year={2017},
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[Bibtex]

```
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[Bibtex]

```
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journal={Studia Logica},
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[Bibtex]

```
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```
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[Bibtex]

```
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[Bibtex]

```
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[Bibtex]

```
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[Bibtex]

```
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```
@article{liang2020focusing,
title={Focusing Gentzen’s LK proof system},
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journal={Submitted, April},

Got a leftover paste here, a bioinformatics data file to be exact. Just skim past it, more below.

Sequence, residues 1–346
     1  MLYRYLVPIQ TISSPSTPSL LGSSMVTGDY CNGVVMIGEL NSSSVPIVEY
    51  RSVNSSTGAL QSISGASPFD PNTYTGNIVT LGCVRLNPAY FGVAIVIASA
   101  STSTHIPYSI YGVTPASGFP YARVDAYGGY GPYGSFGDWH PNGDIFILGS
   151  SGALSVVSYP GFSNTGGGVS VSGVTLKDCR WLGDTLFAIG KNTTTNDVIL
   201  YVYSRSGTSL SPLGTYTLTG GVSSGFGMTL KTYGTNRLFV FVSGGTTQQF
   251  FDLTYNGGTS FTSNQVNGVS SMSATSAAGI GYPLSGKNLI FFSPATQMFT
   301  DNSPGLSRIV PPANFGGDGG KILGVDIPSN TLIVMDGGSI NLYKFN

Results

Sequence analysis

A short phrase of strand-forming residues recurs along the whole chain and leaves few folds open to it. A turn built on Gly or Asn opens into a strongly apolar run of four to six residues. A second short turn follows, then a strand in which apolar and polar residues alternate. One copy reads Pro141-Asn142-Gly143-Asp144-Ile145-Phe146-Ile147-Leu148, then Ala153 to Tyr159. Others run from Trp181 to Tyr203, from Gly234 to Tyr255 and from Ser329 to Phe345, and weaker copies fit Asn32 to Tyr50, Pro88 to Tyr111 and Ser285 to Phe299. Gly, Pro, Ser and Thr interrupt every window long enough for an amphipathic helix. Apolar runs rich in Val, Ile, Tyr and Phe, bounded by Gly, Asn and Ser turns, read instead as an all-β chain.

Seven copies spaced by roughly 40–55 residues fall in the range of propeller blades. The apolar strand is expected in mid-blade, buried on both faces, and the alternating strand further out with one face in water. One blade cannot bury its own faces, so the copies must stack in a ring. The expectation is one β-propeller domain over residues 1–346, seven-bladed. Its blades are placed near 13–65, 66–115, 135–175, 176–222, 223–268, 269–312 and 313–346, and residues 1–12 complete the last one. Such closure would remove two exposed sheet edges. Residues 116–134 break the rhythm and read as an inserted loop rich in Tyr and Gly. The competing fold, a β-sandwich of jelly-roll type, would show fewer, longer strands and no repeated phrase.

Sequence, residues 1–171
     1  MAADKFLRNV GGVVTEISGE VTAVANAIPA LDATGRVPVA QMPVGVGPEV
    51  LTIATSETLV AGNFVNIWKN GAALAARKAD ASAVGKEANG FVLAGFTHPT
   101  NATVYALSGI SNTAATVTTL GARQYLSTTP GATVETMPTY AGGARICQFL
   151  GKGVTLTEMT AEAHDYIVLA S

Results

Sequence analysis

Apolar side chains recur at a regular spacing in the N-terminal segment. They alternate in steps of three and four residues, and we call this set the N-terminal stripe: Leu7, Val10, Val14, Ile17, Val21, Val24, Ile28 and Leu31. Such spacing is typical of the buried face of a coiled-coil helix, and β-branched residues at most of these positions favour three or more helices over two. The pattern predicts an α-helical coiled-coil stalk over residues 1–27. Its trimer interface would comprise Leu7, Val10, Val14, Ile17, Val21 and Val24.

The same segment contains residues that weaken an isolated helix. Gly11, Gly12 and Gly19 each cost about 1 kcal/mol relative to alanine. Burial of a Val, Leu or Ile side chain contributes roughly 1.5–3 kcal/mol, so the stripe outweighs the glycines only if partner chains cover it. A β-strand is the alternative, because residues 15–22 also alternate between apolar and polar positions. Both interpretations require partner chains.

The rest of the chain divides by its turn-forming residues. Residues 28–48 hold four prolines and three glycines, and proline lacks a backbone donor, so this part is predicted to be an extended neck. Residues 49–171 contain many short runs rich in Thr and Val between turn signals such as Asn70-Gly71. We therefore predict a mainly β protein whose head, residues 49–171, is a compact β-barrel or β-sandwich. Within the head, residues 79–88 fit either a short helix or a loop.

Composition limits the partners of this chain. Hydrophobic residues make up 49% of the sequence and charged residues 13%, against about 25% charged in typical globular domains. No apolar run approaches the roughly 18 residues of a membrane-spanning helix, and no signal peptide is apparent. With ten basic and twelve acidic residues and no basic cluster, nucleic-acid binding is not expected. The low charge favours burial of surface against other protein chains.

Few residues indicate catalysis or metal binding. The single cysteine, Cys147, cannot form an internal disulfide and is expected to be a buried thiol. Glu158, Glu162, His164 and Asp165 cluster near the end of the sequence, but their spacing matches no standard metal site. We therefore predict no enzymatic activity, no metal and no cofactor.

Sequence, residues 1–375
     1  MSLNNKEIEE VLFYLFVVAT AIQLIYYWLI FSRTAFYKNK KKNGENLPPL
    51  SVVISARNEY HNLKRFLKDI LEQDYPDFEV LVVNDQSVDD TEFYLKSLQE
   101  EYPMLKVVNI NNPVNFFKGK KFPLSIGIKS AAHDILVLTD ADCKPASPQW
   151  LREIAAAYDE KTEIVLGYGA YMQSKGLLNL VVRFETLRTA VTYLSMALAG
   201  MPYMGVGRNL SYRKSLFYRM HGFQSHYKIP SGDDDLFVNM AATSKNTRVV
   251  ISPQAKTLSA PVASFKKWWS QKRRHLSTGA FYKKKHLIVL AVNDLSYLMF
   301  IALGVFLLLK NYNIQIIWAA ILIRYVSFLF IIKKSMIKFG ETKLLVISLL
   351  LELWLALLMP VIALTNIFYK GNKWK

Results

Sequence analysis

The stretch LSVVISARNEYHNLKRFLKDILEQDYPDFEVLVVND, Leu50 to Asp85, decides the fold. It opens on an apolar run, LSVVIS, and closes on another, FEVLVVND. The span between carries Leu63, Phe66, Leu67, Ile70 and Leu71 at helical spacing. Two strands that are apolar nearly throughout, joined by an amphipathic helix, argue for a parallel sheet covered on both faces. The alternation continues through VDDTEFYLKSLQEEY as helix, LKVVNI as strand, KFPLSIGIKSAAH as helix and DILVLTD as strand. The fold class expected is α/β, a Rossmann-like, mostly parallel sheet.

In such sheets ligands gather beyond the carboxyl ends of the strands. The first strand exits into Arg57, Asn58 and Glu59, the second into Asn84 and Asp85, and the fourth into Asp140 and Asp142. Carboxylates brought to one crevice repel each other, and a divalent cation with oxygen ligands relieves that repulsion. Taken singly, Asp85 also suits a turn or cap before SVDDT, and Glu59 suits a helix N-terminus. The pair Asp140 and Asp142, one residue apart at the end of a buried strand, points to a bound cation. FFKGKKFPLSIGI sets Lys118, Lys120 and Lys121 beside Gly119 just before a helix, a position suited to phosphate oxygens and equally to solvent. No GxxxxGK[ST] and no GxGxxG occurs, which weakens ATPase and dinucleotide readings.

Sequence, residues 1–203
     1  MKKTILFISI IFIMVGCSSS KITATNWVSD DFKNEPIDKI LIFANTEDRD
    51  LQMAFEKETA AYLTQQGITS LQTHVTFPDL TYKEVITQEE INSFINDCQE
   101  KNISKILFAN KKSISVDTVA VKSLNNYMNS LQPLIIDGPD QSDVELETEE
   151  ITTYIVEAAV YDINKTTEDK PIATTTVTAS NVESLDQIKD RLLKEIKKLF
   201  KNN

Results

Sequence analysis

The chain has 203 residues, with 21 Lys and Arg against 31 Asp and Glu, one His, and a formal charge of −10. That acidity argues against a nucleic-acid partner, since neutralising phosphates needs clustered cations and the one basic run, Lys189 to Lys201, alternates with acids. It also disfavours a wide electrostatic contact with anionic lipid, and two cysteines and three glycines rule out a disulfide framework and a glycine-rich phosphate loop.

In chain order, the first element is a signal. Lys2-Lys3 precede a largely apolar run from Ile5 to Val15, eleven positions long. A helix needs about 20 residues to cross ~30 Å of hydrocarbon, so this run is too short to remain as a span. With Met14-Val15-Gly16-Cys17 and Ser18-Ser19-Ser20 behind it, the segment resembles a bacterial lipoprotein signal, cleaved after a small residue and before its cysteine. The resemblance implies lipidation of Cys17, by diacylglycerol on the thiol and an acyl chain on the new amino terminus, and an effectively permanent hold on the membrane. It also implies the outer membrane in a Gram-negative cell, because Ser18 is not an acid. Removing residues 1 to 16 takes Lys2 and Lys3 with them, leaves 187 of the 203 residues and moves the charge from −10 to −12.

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}
```

Hi Boris, Farzad, thanks for the nice post! Let me kick things off with some naive questions, since I have not played so much with this stuff:

Hi Anupam, thanks for your questions.

Re your first question, I am not completely sure if I understand the mix rule you are mentioning. For instance, I think the cut rule is not drivable using this mix and the other inferences rules.

Do you mean having mix instead of cut, and try to do mix-elimination?

If yes, there is a non-symmetrical mix elimination rule by G. Gentzen, which is the following:

And I think even this system is not confluent.

let us take the following proof:

And this proof can be reduced to two different proofs: